Monday 5 December 2016

The bonds that tie

Published 16/02/2012 | 05:00

I would like to respond to Paul Kokoski's letter (February 14) regarding his notion of a 'traditional definition of marriage'. Marriage is not, and never has been, a solely Christian practice. It has existed in many cultures spanning the globe long before the formation of the Christian church. Christianity borrowed previously established pagan ceremonies and feast days throughout the course of its history -- eg St Brigid, Christmas Day, the Christmas tree -- and marriage is one such example. Same-sex marriages were extant during the pre-Christian era, and ceremonies ranged from the informal to the lavish.

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Examples can be found in Asia and all over the Greco-Roman world, including two Roman emperors. It was not until 342AD when Christian emperors enacted laws making same-sex marriage punishable by death. So the notion of a 'traditional definition of marriage' between a man and a woman only exists due to the Christian persecution of homosexuals for almost 17 centuries, a situation which still exists today.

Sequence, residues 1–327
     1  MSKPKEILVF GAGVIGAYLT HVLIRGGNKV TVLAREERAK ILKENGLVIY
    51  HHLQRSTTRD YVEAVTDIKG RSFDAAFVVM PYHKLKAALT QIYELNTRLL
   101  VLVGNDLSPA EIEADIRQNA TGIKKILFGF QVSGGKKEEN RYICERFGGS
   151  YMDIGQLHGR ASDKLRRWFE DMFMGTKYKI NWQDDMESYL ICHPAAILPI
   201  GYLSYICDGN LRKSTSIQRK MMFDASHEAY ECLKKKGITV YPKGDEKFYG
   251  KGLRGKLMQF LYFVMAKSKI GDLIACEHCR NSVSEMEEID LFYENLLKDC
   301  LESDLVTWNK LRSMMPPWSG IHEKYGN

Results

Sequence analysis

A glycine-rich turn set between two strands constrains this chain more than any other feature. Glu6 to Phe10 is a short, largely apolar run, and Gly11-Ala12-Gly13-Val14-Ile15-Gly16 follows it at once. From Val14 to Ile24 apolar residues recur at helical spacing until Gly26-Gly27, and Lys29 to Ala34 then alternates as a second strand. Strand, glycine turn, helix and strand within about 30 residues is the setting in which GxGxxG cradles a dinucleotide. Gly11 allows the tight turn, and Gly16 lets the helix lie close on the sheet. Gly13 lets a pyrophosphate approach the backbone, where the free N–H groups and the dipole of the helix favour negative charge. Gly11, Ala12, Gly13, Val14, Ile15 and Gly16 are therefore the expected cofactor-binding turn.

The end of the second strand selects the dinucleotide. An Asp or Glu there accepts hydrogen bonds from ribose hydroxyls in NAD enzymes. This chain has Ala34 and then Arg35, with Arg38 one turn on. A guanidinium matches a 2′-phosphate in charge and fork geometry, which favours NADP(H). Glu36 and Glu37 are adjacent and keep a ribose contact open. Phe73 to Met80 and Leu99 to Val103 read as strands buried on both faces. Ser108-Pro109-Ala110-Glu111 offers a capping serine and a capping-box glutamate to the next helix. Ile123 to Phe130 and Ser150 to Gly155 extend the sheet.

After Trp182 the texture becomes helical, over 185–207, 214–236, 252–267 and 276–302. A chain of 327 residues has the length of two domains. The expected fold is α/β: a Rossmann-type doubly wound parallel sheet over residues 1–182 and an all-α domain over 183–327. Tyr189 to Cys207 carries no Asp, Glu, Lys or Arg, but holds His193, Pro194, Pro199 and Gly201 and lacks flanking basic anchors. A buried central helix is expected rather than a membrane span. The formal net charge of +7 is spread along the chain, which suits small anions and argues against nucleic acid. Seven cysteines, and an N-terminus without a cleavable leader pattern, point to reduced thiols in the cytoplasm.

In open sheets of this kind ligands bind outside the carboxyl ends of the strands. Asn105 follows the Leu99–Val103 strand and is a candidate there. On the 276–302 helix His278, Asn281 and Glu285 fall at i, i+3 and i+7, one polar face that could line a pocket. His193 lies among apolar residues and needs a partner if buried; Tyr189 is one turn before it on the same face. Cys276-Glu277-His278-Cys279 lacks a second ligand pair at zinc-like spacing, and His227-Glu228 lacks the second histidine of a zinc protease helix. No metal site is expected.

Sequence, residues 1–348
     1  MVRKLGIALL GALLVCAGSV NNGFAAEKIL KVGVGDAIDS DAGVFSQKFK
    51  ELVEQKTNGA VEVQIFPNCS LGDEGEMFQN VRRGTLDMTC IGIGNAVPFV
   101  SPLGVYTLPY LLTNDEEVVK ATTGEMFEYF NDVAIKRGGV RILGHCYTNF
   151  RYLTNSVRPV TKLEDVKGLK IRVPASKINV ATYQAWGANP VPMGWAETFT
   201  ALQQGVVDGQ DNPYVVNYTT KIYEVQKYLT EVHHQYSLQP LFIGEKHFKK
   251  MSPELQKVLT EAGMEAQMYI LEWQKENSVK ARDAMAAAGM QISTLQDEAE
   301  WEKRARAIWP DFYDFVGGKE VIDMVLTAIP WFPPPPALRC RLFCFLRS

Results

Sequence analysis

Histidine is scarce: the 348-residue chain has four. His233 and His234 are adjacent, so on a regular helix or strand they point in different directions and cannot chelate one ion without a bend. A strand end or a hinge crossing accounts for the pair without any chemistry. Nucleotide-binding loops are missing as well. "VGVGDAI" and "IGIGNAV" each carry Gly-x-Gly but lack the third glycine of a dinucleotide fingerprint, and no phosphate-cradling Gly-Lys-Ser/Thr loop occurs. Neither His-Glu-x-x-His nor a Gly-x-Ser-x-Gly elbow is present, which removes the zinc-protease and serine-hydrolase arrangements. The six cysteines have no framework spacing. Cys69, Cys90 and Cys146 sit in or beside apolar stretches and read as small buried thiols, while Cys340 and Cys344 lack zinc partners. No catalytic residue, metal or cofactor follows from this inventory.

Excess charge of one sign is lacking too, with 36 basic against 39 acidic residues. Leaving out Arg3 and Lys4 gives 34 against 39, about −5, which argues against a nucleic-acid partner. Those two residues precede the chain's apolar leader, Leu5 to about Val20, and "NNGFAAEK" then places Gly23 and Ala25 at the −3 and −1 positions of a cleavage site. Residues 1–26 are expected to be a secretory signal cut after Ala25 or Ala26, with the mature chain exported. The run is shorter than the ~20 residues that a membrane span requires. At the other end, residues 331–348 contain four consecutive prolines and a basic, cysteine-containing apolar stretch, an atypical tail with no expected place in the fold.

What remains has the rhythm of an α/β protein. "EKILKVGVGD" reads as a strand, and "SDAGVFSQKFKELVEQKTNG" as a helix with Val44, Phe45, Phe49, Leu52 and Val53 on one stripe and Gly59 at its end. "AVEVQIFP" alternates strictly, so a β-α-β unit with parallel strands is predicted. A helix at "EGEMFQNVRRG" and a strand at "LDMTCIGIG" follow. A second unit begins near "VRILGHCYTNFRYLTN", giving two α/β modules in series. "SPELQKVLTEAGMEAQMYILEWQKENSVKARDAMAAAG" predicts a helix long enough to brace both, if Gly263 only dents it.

I would also like to point out that expanding the rights of marriage to same-sex couples is by no means 'religious persecution', no more than universal suffrage was male persecution, or the abolishment of slavery was persecution of whites.

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